Implementing someone’s brilliant idea, tea counters were set up next to the waste bins. Deposit waste in the bin and you get a free cup of tea! Such bins were everywhere and helped accomplish an unprecedented level of cleanliness. Savita Gupta, of Kanpur, Uttar Pradesh, here with her son Shubham, 22, reported, “Such cleanliness was never seen in a Kumbh in the past. We heard so much about the good arrangements through the media, and it was absolutely true. The event is even better organized than what we’ve seen on TV. With so many police, we feel quite safe and secure. They are so cooperative and polite.”
Some of the 4,200 top-level accommodations here cost as much per night as a five-star Delhi hotel. We encountered pilgrims who apparently thought their expensive thin tent would have hotel-like accoutrements, such as hot water (no), secure locks (no) and a leak-proof roof (not that either). Experienced pilgrims brought their own coffee pots to have at least some hot water.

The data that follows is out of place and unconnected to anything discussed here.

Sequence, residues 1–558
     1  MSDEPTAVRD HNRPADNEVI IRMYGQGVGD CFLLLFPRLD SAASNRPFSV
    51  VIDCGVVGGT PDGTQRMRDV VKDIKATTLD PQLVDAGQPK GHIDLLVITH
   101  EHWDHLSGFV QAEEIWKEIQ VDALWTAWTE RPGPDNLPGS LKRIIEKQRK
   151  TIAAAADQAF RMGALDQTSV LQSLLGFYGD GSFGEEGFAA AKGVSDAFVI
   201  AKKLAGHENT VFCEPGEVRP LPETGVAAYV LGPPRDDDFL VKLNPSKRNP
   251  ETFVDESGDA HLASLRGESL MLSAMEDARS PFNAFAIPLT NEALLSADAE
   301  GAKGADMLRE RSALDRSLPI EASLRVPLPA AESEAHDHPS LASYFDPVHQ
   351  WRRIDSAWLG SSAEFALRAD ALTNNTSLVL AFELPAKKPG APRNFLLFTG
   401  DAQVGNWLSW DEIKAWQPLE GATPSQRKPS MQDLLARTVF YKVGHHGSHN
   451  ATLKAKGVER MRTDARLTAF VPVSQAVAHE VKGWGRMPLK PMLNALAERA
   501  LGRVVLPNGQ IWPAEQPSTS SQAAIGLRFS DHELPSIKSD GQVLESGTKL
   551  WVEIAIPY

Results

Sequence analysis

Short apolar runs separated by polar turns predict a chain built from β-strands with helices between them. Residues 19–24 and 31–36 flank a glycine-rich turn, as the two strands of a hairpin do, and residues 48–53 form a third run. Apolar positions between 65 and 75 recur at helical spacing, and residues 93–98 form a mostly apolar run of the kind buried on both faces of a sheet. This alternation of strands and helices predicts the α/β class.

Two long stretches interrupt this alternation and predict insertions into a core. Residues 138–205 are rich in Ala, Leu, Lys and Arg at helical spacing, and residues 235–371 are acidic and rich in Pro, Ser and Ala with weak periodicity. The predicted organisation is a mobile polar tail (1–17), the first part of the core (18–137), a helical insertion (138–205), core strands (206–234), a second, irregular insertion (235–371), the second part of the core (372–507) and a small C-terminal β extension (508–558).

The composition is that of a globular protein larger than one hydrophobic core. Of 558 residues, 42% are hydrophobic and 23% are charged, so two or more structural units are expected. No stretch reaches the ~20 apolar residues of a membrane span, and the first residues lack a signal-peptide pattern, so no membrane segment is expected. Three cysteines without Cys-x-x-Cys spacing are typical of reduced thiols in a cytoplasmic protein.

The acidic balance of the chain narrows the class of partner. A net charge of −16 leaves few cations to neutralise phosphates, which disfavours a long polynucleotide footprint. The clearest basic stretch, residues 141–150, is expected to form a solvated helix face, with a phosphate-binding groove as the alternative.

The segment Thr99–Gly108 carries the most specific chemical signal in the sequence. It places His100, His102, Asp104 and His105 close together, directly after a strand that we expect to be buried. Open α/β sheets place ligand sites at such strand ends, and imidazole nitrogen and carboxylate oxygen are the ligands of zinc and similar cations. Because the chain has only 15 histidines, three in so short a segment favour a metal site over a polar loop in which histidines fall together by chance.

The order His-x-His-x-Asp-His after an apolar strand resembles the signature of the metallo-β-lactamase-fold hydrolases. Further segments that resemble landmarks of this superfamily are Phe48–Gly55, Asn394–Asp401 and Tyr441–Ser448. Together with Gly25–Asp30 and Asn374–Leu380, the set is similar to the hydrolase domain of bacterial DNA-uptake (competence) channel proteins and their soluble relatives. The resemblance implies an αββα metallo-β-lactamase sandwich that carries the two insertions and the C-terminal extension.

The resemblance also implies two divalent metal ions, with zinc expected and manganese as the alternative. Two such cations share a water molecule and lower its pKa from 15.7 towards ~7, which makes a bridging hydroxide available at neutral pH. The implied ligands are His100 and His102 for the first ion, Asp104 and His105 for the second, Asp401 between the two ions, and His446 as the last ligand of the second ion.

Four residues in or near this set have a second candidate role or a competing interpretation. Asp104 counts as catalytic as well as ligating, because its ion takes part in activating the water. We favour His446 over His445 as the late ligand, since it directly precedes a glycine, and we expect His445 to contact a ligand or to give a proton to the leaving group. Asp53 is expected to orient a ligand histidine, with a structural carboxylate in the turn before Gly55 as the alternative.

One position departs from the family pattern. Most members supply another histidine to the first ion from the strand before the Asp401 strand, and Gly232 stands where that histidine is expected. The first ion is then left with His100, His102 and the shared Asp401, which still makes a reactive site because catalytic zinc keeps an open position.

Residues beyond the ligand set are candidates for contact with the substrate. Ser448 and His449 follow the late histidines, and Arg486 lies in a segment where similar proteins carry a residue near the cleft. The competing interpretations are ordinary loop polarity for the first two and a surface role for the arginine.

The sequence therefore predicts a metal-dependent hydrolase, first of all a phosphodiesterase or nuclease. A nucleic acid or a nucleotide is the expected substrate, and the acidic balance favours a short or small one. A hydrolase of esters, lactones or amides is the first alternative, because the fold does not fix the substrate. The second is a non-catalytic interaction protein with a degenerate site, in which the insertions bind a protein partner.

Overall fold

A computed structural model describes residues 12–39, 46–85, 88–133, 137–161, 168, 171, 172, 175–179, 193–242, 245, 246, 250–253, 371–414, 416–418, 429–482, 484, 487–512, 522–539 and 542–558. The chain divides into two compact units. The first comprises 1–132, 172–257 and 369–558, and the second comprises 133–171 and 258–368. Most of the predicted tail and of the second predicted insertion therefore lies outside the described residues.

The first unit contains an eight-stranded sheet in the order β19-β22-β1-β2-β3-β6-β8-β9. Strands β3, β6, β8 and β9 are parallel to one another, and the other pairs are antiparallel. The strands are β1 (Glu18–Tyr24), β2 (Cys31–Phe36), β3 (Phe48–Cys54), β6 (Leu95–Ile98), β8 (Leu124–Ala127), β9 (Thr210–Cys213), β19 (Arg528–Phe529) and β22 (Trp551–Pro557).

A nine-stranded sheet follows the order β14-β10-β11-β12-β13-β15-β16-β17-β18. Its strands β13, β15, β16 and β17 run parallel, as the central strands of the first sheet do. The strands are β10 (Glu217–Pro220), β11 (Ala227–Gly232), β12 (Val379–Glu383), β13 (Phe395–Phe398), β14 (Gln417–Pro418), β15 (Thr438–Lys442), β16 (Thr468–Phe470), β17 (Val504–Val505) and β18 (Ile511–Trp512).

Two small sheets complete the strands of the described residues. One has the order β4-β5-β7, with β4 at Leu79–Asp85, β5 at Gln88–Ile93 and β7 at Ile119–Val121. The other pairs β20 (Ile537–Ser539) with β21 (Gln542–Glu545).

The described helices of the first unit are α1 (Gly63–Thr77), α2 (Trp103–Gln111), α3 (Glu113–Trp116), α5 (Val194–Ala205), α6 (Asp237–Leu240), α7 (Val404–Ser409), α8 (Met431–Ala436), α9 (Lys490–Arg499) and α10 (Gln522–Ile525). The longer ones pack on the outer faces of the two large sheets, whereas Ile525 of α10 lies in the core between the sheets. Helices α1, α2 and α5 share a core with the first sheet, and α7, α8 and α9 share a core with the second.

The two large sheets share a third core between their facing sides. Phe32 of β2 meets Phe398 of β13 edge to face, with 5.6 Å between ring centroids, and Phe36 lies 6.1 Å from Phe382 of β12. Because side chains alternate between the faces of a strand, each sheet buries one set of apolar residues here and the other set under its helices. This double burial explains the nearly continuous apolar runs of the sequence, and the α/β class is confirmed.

According to the organizers, there was a capacity of 20,000 beds within the grounds, but practically speaking, people slept wherever they could. This presented a difficult challenge during the cold and rainy first few weeks of the 48-day event.
The huge Ganga Pandal for cultural, spiritual and official events had a capacity of 10,000. Smaller halls spread through the grounds could hold a few thousand apiece. More than 600 cultural programs featured over 2,000 artists from all over India. These included musical performances, classical and traditional dance and more. At night the halls served as safe places to sleep.